`\color{red} ✍️` Therefore Event `color(green)("A or B"= A ∪ B = {ω : ω ∈ A or ω ∈ B})`

`\color{red} ✍️` We know that intersection of two sets `A ∩ B` is the set of those elements which are common to both `A` and `B`. i.e., which belong to both `color(red)"‘A and B’."`

`\color{red} ✍️` If `A` and `B` are two events, then the set `color(red)(A ∩ B)` denotes the event `color(red)"‘A and B’."`

`\color{red} ✍️` Thus, `color(green)(A ∩ B = {ω : ω ∈ A and ω ∈ B})`

`\color{red} ✍️` If `A` and `B` are two events, then the set `color(red)(A ∩ B)` denotes the event `color(red)"‘A and B’."`

`\color{red} ✍️` Thus, `color(green)(A ∩ B = {ω : ω ∈ A and ω ∈ B})`

`\color{red} ✍️` We know that `A–B` is the set of all those elements which are in `color(blue)"A but not in B."`

`\color{red} ✍️` Therefore, the set `A–B` may denote the event `"‘A but not B’ "` .

`\color{red} ✍️` We know that `color(blue)(A – B = A ∩ B´)`

`\color{red} ✍️` Therefore, the set `A–B` may denote the event `"‘A but not B’ "` .

`\color{red} ✍️` We know that `color(blue)(A – B = A ∩ B´)`

Q 3120091811

Consider the experiment of rolling a die. Let A be the event ‘getting a prime number’, B be the event ‘getting an odd number’. Write the sets representing the events (i) A or B (ii) A and B (iii) A but not B (iv) ‘not A’.

Here `S = {1, 2, 3, 4, 5, 6}, A = {2, 3, 5} and B = {1, 3, 5}`

Obviously

`(i) ‘A or B’ = A ∪ B = {1, 2, 3, 5}`

`(ii) ‘A and B’ = A ∩ B = {3,5}`

`(iii) ‘A but not B’ = A – B = {2}`

`(iv) ‘not A’ = A′ = {1,4,6}`

`\color{fuchsia} {ul ★ "Mutually exclusive events "}`

`\color{red} ✍️` Two events `A` and `B` are called `color(green)"mutually exclusive events"` if the occurrence of any one of them excludes the occurrence of the other event, i.e., if they can not occur simultaneously.

`\color{red} ✍️` `color(blue)("In this case the sets A and B are disjoint.")`

`color(red)(=>" In the experiment of rolling a die")`, a sample space is `S = {1, 2, 3, 4, 5, 6}.`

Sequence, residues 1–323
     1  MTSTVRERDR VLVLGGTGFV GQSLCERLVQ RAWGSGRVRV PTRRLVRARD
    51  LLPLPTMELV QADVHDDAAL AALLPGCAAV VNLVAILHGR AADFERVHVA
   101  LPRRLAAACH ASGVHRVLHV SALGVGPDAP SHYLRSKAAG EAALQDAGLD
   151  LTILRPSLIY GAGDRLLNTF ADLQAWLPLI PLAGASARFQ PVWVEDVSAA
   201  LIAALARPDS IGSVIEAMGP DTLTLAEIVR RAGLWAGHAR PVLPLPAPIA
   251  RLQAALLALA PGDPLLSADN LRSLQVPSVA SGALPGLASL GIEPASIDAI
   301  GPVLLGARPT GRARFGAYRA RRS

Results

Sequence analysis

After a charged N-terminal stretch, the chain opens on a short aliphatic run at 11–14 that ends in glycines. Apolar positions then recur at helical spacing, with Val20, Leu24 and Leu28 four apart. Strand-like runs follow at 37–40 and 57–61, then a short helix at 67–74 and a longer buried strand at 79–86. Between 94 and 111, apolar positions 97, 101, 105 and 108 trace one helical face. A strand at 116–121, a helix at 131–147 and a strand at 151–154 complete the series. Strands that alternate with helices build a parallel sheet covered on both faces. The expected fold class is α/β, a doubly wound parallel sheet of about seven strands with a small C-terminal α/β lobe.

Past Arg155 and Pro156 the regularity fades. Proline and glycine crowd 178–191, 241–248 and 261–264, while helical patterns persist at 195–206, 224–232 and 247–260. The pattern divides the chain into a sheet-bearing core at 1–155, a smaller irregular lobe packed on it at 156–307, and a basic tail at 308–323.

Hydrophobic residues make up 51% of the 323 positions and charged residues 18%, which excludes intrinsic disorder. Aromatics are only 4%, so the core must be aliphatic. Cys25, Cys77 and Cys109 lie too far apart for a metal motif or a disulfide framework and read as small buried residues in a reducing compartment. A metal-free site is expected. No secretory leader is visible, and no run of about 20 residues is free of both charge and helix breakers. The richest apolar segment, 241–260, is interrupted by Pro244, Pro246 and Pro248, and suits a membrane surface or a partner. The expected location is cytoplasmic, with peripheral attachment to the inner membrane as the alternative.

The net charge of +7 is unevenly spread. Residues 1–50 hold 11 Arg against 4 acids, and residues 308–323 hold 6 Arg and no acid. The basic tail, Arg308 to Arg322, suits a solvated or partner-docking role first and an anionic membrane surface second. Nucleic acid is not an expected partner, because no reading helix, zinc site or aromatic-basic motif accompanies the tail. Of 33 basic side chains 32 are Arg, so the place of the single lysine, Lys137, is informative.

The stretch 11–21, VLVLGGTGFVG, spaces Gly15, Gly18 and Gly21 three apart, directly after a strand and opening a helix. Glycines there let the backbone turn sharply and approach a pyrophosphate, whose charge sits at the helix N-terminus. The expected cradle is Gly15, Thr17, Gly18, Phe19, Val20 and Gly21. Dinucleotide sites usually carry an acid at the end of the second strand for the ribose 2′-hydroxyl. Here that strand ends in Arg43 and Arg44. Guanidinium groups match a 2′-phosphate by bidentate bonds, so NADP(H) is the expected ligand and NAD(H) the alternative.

Consider events, A `color(blue)"‘an odd number appears’"` and B `color(blue)"‘an even number appears’"` .

Clearly the event `A` excludes the event `B` and vice versa.

In other words, there is no outcome which ensures the occurrence of events `A` and `B` simultaneously.

Here `color(blue)(A = {1, 3, 5})` and `color(blue)(B = {2, 4, 6})`

Clearly `color(blue)(A ∩ B = φ,)` i.e., `A` and `B` are disjoint sets.

`color(red)(=>"Again in the experiment of rolling a die")`

Consider the events `color(blue)("A ‘an odd number appears’")` and event `color(blue)("B ‘a number less than 4 appears’")`

Obviously `A = {1, 3, 5}` and `B = {1, 2, 3}`

Now `3 ∈ A` as well as `3 ∈ B`

Therefore, `A` and `B` are `color(blue)"not mutually exclusive events."`

`\color{red} ✍️` Two events `A` and `B` are called `color(green)"mutually exclusive events"` if the occurrence of any one of them excludes the occurrence of the other event, i.e., if they can not occur simultaneously.

`\color{red} ✍️` `color(blue)("In this case the sets A and B are disjoint.")`

`color(red)(=>" In the experiment of rolling a die")`, a sample space is `S = {1, 2, 3, 4, 5, 6}.`

Consider events, A `color(blue)"‘an odd number appears’"` and B `color(blue)"‘an even number appears’"` .

Clearly the event `A` excludes the event `B` and vice versa.

In other words, there is no outcome which ensures the occurrence of events `A` and `B` simultaneously.

Here `color(blue)(A = {1, 3, 5})` and `color(blue)(B = {2, 4, 6})`

Clearly `color(blue)(A ∩ B = φ,)` i.e., `A` and `B` are disjoint sets.

`color(red)(=>"Again in the experiment of rolling a die")`

Consider the events `color(blue)("A ‘an odd number appears’")` and event `color(blue)("B ‘a number less than 4 appears’")`

Obviously `A = {1, 3, 5}` and `B = {1, 2, 3}`

Now `3 ∈ A` as well as `3 ∈ B`

Therefore, `A` and `B` are `color(blue)"not mutually exclusive events."`